Searching For An Ass That Don’t Quit: Part 2

So a few months ago, I wrote about a 30 day boot camp challenge I signed up for. It dangled the dream of losing 15lbs in front of me and I happily chomped on the bait. Note: whether I did or didn’t need to lose 15lbs was actually irrelevant because that picture of Shakira on a beach that’s been stuck up on my ‘vision board’ (it’s otherwise empty) since 2012 was finally coming into fruition!

For years I convinced myself every new diet fad was the real deal. Low carb, no carb, no fat, no sugar, vegetarianism, protein shakes, fasted cardio, strength training, and feasting on small children or the crushed egos and broken hearts of men…I did it all. For better or for worse, the issue was never discipline. I was never afraid of working hard or pushing my body to unhealthy limits yet I never saw real results. When I did, it felt like I was working three times as hard to squint and see microscopic results. This could have been because if I do lose a few lbs, I celebrate by thanking the diet gods with a ritual of eating fresh loaves of bread and cheese and wine. It could also have been, as I had suspected for a while, that there was actually something wrong with me.

A few years ago my theory was half confirmed by an endocrinologist who suspected I may have PCOS. For those who don’t know PCOS, polycystic ovarian syndrome, is a hormonal disorder often linked to diabetes and infertility. The causes are still a mystery and the symptoms can include a whole range of things spanning acne, depression, weight gain, infertility, excessive body hair, thinning hair, and irregular periods. There is a huge lack of information about it. For every legitimate medical source that discusses the syndrome, there’s 10 forums of women of all ages, with different symptoms sharing experiences and holistic solutions. I know all this because I spent most of 2013 down a google-sized rabbit hole of self-diagnosis.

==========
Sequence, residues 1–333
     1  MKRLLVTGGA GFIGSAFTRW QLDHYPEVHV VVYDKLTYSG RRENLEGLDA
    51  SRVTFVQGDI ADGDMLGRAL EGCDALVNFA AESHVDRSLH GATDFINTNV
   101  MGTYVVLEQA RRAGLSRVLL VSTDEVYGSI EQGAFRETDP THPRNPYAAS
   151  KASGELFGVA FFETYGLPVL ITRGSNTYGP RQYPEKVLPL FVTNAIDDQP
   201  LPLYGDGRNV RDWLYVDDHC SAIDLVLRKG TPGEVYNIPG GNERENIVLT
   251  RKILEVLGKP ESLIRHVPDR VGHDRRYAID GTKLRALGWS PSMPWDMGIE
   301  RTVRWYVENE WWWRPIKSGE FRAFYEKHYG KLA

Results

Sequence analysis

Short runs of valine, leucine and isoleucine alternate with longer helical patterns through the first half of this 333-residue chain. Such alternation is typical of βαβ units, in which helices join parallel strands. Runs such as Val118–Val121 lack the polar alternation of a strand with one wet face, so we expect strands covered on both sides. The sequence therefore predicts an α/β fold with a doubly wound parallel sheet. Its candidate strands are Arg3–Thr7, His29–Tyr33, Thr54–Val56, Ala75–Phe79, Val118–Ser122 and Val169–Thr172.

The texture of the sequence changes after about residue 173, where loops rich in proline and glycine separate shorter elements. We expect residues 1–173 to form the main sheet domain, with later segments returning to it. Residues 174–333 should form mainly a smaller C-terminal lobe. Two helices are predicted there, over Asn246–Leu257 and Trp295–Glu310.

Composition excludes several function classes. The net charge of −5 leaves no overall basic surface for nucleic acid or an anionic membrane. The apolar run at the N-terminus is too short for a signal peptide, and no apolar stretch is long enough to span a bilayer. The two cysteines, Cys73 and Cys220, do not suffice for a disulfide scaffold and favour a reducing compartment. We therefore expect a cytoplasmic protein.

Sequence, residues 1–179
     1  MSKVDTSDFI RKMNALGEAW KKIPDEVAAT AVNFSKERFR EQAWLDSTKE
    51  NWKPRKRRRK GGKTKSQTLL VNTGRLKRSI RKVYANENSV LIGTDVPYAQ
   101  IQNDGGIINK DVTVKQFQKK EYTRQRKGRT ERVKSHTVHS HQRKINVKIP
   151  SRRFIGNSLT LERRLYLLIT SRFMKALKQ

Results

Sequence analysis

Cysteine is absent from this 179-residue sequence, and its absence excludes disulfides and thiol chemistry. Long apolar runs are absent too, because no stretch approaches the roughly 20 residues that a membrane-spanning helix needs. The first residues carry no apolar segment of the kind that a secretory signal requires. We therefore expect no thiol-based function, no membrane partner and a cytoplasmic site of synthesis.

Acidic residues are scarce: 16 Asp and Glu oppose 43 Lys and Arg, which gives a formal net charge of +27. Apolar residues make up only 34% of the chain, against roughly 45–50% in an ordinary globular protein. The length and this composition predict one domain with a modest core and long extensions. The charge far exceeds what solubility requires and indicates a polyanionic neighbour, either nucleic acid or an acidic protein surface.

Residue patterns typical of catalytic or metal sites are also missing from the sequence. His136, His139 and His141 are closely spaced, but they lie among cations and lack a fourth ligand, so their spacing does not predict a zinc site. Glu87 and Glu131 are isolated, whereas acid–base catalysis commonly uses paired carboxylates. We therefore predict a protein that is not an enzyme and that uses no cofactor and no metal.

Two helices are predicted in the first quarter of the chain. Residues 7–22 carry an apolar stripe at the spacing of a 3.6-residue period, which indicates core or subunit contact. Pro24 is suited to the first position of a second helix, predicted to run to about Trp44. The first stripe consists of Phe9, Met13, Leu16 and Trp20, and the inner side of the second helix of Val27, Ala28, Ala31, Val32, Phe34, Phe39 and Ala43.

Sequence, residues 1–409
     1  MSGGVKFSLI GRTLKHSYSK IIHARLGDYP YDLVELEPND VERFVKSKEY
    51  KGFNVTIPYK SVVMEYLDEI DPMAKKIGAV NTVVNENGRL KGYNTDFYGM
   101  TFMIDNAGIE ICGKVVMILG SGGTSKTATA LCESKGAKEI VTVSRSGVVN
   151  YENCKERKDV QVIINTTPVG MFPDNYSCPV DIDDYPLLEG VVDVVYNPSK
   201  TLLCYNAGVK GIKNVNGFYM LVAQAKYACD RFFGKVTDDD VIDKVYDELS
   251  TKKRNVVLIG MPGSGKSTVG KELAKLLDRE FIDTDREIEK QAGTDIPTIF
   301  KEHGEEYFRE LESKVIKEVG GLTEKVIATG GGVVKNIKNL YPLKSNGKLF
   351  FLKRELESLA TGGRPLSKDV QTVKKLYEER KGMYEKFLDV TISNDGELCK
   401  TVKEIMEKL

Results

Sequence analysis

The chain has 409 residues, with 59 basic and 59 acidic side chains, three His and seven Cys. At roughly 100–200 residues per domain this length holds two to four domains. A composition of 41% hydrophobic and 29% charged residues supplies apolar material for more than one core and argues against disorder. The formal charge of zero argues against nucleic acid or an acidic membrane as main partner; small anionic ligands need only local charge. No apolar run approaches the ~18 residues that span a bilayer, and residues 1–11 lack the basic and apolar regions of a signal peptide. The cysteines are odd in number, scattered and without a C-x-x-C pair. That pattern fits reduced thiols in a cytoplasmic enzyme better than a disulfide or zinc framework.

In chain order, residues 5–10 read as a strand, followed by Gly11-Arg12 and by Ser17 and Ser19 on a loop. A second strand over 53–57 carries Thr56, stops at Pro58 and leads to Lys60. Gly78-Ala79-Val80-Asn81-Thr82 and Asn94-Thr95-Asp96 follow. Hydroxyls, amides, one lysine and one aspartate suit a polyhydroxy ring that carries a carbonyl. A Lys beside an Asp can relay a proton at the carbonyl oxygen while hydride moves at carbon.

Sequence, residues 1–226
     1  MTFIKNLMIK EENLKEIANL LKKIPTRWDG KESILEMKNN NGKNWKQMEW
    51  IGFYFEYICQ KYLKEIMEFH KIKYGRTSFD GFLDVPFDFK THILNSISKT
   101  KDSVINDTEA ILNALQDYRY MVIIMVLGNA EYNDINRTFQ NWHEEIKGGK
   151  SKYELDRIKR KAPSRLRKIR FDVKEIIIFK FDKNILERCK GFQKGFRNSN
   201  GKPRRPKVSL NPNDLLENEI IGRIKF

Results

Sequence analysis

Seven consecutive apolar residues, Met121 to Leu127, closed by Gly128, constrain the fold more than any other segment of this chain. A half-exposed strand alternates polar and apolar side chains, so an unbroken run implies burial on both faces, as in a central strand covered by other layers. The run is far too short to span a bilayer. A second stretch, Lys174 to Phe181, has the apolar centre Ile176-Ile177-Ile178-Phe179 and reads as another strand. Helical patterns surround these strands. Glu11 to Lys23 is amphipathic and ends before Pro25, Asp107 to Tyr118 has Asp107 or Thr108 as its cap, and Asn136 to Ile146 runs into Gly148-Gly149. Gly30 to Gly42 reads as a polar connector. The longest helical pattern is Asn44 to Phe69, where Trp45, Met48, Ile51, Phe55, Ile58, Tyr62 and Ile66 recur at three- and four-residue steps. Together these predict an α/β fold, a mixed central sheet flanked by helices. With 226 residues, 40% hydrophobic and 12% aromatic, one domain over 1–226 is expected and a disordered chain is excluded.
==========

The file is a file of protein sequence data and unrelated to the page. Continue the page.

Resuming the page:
I won’t go into my experiences in detail, but in short, I came on and off medication (and on and off again). My symptoms were far less severe than most and in all honesty, the biggest driver for taking medication was to help me gain control over my weight.

The danger, for me, was that having a never-properly- confirmed PCOS label attached to pre-existing body image issues gave me more ammunition to feel bigger and more out of control of my body than ever before. The more I read the horror stories on these forums of women who had very visible and aggressive symptoms, the more I began to look for them in myself. The story of how I wrapped myself up in half a diagnosis and ditched medication for holistic approaches and superfoods is perhaps best saved for another time. I barely think about whether or not I have the syndrome these days because I am trying to make a more conscious effort on reflecting on my relationship towards food, rather than solely what’s in it. After years of misinformation, it’s an ongoing struggle.  I am still guilty for going weak at the knees over the word ‘superfood.’ Describe a chicken nugget in fancy words like dairy-free and I’ll probably pay you a tenner for it.

So back to this bootcamp. The point was to educate myself about food and exercise and have this education tailored to me and my personal needs. It was about letting the experts take the wheel and stepping away from the search bar and click bait headlines. I’m not going to go into details of what the program entailed because, in my experience, often people think talking about food and exercise struggles gives them a free pass to tell me what I need to do. And sorry but having a great BMI or losing 10lbs makes you as much of a nutritionist or personal trainer as watching Making A Murderer has earned me a law degree.